Addiction and isolation are very closely related. Sometimes feelings of isolation can cause a person to turn to substance abuse, while long-term substance abuse and addiction can further exacerbate isolation.
This can easily lead a person feeling completely detached from the people around them, overall society and even themselves.
When we isolate ourselves through substance abuse, we begin to lose touch with our own self-worth and start to question many aspects of ourselves, including whether we belong or whether anyone even cares about us.
This is often because we have feelings of guilt and shame that come with being addicted. It’s easier to hide and abuse substances than it is to do it out in the open.
As the grips of addiction begin to tighten around us, we also start eliminating anything that might stand in the way of using, including the people we care about and who care about us.
The longer we remain in the hands of addiction, the more we drift away from social interactions. We may feel judged; we tell ourselves that people don’t understand what we’re going through or we are too afraid to admit that we're in the middle of a battle with substance abuse.
Furthermore, our behaviours can be extremely destructive when we are addicted to drugs or alcohol. Our friends and family may have made several attempts to help or intervene, which have been met with false promises and lies.
These behaviours are not ours; they belong to our addiction. However, in the name of self-preservation, the people who have tried to help us begin to distance themselves from us.
This gradual process of losing connection to the ones we love can have devastating effects in the long run.
There is the belief that the opposite of addiction is not sobriety, but connection. To feel safe, loved and supported are some of the most fundamental human desires and these are all important parts of our general well-being.
Sometimes, when people don’t have these desires fulfilled, they use substances to synthesize their feelings of importance and self-worth, thereby creating a perpetual cycle of addiction and isolation.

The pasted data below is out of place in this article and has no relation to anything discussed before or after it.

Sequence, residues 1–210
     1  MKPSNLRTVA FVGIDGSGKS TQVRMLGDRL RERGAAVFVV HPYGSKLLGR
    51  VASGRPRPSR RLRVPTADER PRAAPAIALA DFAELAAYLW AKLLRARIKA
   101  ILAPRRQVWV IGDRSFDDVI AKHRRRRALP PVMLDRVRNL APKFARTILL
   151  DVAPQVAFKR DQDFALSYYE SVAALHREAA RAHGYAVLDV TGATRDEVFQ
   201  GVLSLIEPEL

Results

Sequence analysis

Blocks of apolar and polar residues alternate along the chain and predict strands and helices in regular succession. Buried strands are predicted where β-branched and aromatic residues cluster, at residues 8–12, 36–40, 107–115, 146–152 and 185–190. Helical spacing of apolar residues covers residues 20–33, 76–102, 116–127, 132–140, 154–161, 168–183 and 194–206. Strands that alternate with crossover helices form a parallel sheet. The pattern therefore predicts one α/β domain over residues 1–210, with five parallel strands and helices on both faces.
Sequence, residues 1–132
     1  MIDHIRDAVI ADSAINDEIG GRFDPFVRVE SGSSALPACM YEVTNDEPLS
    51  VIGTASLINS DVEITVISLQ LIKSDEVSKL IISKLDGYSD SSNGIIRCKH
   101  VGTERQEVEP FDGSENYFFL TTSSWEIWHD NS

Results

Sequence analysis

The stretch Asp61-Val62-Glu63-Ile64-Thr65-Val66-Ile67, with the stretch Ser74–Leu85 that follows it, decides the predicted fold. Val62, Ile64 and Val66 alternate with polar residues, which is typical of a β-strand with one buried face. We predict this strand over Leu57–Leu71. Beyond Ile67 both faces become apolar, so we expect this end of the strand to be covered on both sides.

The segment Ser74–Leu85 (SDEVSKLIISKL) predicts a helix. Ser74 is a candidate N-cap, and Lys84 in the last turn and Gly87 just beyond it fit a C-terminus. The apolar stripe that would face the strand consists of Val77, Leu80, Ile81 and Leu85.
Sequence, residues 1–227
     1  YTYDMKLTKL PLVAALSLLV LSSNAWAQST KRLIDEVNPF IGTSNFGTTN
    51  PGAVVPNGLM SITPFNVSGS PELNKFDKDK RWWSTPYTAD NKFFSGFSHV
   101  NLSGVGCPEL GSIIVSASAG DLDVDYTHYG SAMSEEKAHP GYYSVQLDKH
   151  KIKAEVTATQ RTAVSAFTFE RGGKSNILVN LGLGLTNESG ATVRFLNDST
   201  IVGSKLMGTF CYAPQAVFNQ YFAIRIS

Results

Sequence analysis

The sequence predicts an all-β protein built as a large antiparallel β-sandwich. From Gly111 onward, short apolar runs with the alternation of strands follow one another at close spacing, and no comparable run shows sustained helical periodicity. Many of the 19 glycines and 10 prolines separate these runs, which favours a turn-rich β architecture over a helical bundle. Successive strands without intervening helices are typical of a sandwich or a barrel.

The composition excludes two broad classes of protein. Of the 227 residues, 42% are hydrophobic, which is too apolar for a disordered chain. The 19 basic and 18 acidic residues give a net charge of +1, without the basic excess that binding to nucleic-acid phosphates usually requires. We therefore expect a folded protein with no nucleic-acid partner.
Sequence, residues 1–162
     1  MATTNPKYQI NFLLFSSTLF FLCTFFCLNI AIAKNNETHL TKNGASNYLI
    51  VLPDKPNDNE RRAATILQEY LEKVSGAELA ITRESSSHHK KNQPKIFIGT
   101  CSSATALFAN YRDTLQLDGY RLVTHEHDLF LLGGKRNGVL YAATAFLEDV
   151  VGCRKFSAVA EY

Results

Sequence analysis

Social connection provides us with a sense of purpose; it allows us to be called upon in times of need, giving us the opportunity to help someone in need.
It makes us feel like we have a place in the network of life and encourages us to be the best version of ourselves that we can possibly be.
Connection helps us stay focused on our life goals and it makes us want to achieve great things so that we can make our friends and family proud.
Some say that human connection is also extremely beneficial for our physical health and well-being. For example, long and meaningful hugs have been said to release Oxycontin, which is a hormone that allows us to feel safe.
Simply by having a strong, loving connection with someone, the brain releases slightly more Oxycontin than normal, which further encourages trust, calmness and other pro-social behaviours.
Oxytocin is also responsible for reducing stress and anxiety which are often precursors for substance abuse.
Our team of compassionate staff is committed to delivering only the highest quality care for patients in addiction recovery.
For more information about our recovery programmes, please feel free to contact us.
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